You may be suffering from a condition called selective sound sensitivity syndrome (misophonia), which involves extreme reactions to certain sounds. You might find yourself reacting strongly to mouth sounds, such as “ahhs” after drinking, crunching ice, gum chewing, popping gum, nail-biting, silverware scraping teeth, spitting, and talking with food in your mouth. To alleviate your symptoms, you might mimic the sounds you associate with irritation.
People suffering from hyperacusis, or increased sensitivity to sounds, often experience pain or discomfort when listening to loud noises. They may also experience a feeling of fullness in their ears or tinnitus. In some cases, the sensitivity to sounds may become so extreme that daily activities are impossible. For some people, the sound of their own voice is unbearably loud. This condition is not diagnosed by a physician but can affect daily activities, such as going to work.
People suffering from misophonia find certain sounds irritating, or even unbearable. The symptoms of misophonia can range from mild irritation to full-blown misanthropy. They may even avoid certain environments, such as restaurants because they find certain sounds to be too much for them to bear. However, treatment for misophonia is limited. People with misophonia should consult their doctor if they experience the symptoms of this disorder.
The symptoms of misophonia include extreme reactions to certain sounds, including certain types of mouth noises. For example, when drinking water, “ahhs” are often heard, as are sounds from chewing gum or crunching ice. Other common triggers include spitting, tooth brushing, and even talking while food is in your mouth. This type of sensory overload may cause an individual to feel out of control and intolerant of noise.
The severity of the reaction to sounds that irritate you depends on the source, frequency, repetition, and loudness of the sound. You can also experience other types of distress, such as anger and panic, when you hear certain sounds. Treatment for sounds that irritate you can include techniques for reducing stress, learning to respond differently to stressful situations, and studying the real sensations you experience. Moreover, a psychotherapist can help you identify your specific feelings, such as anxiety or anger.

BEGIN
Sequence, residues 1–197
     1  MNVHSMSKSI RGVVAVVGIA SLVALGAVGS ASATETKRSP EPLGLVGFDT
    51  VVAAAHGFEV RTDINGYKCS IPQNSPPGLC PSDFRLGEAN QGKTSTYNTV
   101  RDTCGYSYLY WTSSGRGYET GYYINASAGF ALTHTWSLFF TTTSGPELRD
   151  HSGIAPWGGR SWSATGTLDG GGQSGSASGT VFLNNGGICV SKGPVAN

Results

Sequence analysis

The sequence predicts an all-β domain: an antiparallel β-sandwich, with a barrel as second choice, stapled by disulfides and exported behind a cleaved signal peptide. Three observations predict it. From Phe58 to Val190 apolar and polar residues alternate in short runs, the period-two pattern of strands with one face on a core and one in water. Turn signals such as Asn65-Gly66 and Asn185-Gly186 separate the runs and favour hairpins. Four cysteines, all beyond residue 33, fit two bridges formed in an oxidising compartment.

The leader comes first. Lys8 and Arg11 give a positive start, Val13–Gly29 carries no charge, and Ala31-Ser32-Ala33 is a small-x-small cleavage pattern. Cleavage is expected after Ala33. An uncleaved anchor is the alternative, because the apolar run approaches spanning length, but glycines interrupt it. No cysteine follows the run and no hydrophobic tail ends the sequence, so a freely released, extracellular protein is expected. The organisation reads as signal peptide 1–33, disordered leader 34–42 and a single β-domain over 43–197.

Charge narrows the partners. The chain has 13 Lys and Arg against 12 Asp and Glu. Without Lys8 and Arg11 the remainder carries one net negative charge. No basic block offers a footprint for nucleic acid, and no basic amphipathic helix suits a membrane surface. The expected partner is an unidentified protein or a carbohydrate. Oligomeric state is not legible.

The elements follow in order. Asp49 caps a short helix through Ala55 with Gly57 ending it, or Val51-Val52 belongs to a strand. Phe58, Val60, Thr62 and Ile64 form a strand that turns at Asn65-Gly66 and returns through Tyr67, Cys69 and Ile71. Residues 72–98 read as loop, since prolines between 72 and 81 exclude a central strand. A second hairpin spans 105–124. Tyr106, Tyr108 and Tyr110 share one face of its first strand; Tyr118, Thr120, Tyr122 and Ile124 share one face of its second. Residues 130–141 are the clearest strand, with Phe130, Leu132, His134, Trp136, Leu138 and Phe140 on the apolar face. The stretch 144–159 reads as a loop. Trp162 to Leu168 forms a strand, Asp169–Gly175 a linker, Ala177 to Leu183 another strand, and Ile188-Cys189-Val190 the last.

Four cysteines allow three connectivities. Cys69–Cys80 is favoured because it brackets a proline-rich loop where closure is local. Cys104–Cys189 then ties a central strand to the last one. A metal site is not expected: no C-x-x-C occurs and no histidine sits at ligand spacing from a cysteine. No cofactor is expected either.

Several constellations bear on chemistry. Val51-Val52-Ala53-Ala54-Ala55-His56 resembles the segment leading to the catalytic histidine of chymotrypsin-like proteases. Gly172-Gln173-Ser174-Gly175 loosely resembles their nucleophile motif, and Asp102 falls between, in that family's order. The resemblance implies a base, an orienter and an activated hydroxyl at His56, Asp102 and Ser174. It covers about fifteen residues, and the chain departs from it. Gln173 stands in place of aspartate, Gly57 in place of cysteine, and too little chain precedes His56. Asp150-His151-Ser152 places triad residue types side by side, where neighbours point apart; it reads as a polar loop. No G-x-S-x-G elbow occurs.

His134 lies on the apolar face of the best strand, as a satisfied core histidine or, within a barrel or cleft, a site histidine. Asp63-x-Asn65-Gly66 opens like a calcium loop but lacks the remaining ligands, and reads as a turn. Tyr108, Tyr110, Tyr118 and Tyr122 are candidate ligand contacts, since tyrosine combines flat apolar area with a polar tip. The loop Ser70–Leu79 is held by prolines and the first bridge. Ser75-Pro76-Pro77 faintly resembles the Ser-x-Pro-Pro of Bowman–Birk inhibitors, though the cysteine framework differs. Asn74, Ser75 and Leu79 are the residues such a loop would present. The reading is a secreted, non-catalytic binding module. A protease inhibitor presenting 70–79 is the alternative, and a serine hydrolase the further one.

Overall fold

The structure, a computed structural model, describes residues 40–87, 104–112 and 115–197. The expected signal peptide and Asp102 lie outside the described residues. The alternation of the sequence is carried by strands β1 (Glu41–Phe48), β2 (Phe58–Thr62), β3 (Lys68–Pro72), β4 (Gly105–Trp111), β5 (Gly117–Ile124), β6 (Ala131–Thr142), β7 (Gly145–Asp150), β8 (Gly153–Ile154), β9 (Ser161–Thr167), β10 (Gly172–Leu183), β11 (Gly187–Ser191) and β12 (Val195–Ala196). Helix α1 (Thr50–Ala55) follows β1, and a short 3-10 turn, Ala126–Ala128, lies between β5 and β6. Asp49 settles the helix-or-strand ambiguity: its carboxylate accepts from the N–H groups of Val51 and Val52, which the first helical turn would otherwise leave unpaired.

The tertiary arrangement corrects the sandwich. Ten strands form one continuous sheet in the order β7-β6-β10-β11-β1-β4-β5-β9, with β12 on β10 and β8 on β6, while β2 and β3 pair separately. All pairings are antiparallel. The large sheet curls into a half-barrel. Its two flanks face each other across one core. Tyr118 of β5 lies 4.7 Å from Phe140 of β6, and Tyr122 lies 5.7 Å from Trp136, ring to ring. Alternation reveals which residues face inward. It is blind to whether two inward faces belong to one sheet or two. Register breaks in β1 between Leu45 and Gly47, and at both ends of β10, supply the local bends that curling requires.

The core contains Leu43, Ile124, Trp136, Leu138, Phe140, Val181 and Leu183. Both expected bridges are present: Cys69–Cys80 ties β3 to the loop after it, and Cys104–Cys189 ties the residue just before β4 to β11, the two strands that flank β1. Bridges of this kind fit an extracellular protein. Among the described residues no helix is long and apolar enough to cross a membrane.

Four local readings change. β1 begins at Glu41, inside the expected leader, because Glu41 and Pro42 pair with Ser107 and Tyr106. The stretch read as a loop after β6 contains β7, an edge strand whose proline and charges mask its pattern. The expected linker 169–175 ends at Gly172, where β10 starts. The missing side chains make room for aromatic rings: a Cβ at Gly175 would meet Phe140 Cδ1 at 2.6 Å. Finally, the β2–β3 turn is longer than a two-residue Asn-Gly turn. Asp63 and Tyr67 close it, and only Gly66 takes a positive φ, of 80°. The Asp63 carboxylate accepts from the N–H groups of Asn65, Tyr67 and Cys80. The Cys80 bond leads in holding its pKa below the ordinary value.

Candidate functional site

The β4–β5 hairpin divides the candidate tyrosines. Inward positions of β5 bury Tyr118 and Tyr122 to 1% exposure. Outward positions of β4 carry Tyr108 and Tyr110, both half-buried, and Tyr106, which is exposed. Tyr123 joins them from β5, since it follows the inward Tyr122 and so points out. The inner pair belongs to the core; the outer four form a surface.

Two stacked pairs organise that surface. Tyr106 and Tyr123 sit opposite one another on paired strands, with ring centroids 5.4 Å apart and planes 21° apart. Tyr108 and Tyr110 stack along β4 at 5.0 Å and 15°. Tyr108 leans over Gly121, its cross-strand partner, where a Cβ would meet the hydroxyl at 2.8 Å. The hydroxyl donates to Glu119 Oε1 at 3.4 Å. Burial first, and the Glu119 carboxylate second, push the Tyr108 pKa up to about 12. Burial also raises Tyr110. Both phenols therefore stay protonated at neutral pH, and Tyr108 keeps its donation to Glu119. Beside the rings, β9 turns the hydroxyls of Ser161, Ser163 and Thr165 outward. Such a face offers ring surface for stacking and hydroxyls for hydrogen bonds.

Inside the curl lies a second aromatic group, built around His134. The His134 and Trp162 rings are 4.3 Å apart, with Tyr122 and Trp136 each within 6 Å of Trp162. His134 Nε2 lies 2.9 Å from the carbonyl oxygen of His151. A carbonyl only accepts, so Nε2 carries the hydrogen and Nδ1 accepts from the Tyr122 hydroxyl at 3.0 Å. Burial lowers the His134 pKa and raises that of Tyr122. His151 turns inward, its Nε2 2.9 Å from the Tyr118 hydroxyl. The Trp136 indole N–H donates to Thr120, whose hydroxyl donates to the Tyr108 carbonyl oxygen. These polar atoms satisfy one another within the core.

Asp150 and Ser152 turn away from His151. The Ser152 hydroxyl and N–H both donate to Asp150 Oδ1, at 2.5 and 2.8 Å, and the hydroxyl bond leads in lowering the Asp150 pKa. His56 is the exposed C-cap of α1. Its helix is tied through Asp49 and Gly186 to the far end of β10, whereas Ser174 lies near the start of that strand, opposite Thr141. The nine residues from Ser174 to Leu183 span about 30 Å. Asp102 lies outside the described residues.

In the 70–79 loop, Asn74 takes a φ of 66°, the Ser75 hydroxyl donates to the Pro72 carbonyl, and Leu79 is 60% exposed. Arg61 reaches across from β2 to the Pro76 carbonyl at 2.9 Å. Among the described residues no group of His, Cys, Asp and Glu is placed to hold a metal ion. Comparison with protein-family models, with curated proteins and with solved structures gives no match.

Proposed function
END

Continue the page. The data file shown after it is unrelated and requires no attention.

If your hearing sensitivity is not a result of a medical condition, your GP may refer you to a hearing specialist. However, it is important to note that some conditions can result in hyperacusis, such as head injury, migraine, and Lyme disease. For these conditions, treatment for sounds that irritate you will focus on improving insight, reassurance, and protection of the ears.
While cognitive behavioral therapy isn’t a cure for misophonia, it can help improve self-control and reduce angry behavior. It has been shown to be effective, especially in children. It helps misophonia patients to separate trigger sounds from their emotional reactions and train their minds to focus on something else. However, the most effective treatment for sounds that irritate you will be one that can address the cause of misophonia.
Mimicking irritating sounds
If you suffer from misophonia or an uncontrollable aversion to sound, you may be familiar with the technique of mimicking irritating sounds. This unconscious response to an unpleasant sound is helpful in handling an uncomfortable situation. In some cases, it can even help a person feel better. It is not known why some people with misophonia are able to mimic certain sounds, but some people may find that it helps them to deal with the distress that is the cause of the sound.
This condition usually begins in the early teenage years and can progress to three or more irritating sounds. The sufferer may also develop an intolerance for repetitive movements and fidgeting. Eventually, the patient develops a compulsion to mimic these sounds. In 2010, a major textbook recognized misophonia as a nervous system disorder. Symptoms can range from mild to severe conditions.